We were immediately surprised at how crowded the park is! There are about 1.5 million visitors each year, and it isn’t that big of a park. It has one main road with one entrance, and each time we entered we waited in a pretty long line of cars. The park currently has some road construction, so it is closed at night, and open from 7 am to 7 pm only, and the Devil’s Garden area in the north end of the park is not accessible. We were a little disappointed that we couldn’t see this area, which includes the longest arch in the park, Landscape Arch. There was still plenty to see and do though.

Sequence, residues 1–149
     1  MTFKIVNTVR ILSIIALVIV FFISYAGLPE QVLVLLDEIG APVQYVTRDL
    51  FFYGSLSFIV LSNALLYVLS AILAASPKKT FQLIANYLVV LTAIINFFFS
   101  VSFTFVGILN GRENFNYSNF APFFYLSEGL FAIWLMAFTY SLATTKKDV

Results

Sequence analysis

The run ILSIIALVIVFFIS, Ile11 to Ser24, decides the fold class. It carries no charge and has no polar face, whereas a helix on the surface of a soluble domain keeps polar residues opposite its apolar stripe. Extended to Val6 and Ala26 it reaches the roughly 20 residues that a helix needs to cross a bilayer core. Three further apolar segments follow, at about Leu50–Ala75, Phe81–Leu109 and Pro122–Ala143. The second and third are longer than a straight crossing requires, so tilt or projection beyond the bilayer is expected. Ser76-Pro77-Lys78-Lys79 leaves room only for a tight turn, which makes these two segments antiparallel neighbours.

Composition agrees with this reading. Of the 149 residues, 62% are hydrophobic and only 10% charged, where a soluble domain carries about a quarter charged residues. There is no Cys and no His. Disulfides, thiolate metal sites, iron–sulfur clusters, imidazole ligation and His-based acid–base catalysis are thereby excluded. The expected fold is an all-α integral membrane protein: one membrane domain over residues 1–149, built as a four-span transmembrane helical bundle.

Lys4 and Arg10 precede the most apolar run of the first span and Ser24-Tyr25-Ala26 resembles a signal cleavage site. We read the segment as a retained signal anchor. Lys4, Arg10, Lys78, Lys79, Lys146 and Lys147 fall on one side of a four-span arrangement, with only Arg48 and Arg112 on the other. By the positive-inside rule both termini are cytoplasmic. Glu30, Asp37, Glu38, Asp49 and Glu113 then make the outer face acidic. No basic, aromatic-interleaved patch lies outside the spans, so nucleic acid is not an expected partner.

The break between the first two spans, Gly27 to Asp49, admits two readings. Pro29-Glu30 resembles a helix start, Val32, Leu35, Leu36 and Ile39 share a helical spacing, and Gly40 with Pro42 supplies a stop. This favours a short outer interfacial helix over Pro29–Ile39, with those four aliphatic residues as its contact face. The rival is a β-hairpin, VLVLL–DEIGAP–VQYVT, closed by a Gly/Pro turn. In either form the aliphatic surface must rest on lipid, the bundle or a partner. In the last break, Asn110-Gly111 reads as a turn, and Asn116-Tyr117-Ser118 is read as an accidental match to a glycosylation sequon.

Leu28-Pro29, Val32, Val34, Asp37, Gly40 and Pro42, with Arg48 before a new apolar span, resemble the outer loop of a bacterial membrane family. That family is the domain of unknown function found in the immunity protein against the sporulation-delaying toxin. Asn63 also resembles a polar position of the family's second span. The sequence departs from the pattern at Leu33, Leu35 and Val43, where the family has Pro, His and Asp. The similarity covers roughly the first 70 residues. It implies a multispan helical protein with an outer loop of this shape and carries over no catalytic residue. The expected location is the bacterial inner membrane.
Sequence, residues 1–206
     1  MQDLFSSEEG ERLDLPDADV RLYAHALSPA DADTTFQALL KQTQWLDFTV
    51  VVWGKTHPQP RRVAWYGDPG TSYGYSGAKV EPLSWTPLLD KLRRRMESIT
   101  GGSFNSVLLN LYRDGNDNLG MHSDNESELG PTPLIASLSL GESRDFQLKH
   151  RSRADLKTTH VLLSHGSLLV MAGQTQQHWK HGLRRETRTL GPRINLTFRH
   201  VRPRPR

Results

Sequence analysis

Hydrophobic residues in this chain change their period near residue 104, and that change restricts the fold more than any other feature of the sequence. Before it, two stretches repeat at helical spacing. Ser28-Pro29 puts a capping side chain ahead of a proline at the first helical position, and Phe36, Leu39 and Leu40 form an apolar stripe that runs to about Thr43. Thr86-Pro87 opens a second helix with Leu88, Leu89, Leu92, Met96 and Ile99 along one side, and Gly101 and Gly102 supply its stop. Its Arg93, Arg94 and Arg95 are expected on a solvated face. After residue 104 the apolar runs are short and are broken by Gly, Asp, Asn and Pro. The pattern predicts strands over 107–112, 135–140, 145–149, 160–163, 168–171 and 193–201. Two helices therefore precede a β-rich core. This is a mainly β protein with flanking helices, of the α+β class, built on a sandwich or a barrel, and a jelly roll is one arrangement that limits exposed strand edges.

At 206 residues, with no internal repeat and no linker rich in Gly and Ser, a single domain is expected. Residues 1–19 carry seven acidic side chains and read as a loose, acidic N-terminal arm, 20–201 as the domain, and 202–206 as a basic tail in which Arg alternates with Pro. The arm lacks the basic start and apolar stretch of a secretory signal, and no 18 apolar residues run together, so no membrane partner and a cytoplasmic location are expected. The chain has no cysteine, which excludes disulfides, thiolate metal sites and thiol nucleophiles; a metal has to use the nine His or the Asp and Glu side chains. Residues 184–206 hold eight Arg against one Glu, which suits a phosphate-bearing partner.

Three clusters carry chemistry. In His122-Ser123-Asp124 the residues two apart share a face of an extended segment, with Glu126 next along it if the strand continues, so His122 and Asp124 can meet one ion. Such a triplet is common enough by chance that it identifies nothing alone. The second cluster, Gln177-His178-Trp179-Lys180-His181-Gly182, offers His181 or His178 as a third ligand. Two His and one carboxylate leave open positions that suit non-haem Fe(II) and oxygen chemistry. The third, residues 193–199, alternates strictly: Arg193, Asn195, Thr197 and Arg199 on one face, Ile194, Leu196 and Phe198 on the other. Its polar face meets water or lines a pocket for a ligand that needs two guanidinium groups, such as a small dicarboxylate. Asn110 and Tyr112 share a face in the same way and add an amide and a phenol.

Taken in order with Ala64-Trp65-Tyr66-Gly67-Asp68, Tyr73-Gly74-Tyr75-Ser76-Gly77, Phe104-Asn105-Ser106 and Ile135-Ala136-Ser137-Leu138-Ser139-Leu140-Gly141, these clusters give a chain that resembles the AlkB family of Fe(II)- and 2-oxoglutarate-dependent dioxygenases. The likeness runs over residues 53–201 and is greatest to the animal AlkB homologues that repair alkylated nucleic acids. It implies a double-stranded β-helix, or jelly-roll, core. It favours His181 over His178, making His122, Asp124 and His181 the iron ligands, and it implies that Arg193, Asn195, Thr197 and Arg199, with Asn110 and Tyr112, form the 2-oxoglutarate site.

There is an unpaved road that enters the park from the northwest and leads to a 3.5 mile round-trip hike called Tower Arch Trail. A ranger recommended this hike and said that it wouldn’t be crowded, as most people don’t visit this area of the park. The trail was marked by cairns (piled up rocks), and if it wasn’t, we never would’ve guessed it was a trail. It went up and over a rocky hill, across some sand dunes, wound around, and ended up at Tower Arch. This hike was so beautiful. We spent about an hour just sitting at the arch, and we only encountered about 8 people during our hike. It was nice to get away from the crowds in the rest of the park. We are really happy that other people have similar interests and want to visit our amazing National Parks, but nature feels more naturey when there aren’t as many people enjoying it near us.